If we identify painless people, it should help us identify the hidden paths of pain.
Tuysuz, et al have reported in Neurogenetics. 2008 Mar 6, that congenital insensitivity to pain can be seen in those who lack the gene for neurotrophic tyrosine kinase receptor type I. This receptor is activated by nerve growth factor. The trait is recessive, which means both parents must have one of the genes to give two doses to offspring.
There are posts elsewhere at painonline which discuss the fact that tyrosine kinase B (TrkB)is a specific for neurons which transmit pain. Presently, there are no drugs to suppress either tyrosine kinase B in specific, nor tyrosine kinase receptors in general.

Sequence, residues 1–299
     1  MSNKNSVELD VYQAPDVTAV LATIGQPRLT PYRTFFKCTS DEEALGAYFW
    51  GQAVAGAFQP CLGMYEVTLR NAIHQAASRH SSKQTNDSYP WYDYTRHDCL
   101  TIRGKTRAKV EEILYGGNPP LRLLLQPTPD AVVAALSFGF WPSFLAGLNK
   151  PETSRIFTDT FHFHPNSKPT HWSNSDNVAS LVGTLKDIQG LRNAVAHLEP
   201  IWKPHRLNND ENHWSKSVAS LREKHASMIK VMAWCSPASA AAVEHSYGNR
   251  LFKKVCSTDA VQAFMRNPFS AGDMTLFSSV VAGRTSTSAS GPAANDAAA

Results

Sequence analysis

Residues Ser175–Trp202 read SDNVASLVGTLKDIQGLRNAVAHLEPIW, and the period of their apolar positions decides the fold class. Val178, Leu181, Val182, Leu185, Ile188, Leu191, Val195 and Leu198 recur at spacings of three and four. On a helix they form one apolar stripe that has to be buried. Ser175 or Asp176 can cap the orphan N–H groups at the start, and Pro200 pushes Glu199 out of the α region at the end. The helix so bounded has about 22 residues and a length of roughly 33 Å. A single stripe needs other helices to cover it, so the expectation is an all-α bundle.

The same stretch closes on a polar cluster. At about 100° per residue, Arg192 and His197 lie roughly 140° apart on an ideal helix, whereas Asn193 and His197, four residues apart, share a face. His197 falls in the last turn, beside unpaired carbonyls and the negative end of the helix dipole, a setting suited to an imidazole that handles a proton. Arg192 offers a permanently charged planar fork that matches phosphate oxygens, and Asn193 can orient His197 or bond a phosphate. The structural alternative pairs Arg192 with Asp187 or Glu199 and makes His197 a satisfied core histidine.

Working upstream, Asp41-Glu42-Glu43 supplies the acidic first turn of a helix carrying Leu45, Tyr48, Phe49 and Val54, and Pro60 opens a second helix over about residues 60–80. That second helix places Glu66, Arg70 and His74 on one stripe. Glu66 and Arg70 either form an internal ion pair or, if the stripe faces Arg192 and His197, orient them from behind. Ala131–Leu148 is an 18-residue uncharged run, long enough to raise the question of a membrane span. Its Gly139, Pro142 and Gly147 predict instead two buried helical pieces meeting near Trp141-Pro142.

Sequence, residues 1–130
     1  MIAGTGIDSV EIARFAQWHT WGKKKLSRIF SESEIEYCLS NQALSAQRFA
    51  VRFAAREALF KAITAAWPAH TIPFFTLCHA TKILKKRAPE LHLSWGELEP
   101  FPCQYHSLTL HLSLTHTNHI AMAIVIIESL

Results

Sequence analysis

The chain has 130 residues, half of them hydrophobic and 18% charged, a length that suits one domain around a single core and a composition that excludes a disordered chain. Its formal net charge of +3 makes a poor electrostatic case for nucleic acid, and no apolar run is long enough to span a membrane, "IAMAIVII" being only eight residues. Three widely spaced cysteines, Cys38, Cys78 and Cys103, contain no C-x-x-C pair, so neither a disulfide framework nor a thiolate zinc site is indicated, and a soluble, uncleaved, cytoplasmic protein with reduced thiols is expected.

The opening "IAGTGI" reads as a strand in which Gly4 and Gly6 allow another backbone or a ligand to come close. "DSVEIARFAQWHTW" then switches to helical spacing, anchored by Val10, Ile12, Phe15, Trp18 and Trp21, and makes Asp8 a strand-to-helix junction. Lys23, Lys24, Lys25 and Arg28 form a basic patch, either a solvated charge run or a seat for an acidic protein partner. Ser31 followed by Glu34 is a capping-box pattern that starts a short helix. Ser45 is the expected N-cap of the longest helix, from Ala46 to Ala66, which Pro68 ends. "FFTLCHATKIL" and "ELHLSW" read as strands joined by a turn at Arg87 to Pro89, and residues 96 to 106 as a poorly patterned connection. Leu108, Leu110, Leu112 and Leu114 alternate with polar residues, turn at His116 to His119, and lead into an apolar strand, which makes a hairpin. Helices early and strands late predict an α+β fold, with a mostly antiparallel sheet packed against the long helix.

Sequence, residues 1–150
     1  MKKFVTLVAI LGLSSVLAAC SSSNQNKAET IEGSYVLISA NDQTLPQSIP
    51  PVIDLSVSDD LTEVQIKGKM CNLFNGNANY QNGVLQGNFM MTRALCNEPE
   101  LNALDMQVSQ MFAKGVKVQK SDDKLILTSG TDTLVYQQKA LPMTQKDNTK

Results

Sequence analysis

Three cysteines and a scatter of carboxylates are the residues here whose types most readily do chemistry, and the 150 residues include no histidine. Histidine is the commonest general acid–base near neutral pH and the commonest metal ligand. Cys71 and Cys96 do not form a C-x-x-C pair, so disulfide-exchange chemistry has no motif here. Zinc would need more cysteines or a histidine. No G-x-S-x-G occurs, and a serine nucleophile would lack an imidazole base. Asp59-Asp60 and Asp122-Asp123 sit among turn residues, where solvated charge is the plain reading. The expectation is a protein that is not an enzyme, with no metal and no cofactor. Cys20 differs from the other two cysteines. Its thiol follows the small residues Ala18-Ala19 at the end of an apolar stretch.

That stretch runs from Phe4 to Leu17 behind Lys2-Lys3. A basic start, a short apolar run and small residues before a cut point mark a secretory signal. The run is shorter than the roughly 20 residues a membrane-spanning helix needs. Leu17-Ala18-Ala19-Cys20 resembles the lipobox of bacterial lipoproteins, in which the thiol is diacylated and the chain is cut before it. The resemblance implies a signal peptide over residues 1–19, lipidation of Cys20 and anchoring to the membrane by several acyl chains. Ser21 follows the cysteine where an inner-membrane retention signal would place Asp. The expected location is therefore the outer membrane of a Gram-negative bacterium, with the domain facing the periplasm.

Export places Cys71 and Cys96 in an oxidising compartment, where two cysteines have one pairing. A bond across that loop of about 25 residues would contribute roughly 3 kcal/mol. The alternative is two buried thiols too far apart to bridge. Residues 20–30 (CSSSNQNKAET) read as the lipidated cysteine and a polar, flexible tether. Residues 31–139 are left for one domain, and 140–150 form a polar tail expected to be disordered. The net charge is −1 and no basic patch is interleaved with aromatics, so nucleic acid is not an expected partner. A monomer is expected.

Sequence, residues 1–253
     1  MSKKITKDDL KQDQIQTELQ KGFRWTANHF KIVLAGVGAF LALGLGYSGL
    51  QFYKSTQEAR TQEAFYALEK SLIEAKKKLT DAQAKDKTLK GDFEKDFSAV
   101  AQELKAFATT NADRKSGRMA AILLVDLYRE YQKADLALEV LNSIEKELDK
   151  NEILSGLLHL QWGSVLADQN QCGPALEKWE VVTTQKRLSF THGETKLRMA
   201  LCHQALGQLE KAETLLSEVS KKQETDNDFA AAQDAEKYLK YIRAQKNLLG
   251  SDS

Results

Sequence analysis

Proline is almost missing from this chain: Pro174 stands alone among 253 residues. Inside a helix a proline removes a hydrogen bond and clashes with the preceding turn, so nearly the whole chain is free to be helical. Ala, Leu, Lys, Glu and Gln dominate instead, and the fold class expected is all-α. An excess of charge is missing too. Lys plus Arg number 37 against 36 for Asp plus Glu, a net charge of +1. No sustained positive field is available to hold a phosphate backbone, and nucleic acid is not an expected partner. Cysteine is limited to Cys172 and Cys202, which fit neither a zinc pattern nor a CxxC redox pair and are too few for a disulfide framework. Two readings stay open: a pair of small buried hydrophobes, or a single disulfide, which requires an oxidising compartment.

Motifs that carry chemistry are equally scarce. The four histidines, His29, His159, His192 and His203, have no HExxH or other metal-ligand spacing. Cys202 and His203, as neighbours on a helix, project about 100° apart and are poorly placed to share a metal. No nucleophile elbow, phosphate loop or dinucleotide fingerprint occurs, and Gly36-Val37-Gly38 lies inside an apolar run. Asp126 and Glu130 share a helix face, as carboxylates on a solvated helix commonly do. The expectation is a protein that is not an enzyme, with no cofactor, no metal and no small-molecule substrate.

Because tyrosine kinase receptors are valuable in powering nerves to sweat glands and in certain other neurologic roles, a general blocker of either Trk or the receptor would not be helpful. Rather, we need specificity. A good comparison would be drugs which block the beta2 adrenergic receptor, rather than block beta 1 as well.
We have spoken before about the importance of energy supply in the body in determining the progress of chemical reactions. Energy is supplied by kinases and taken away by phosphatases. The kinases which energize pain cascade pathways need intense study to stop the nightmarish sensations of central pain.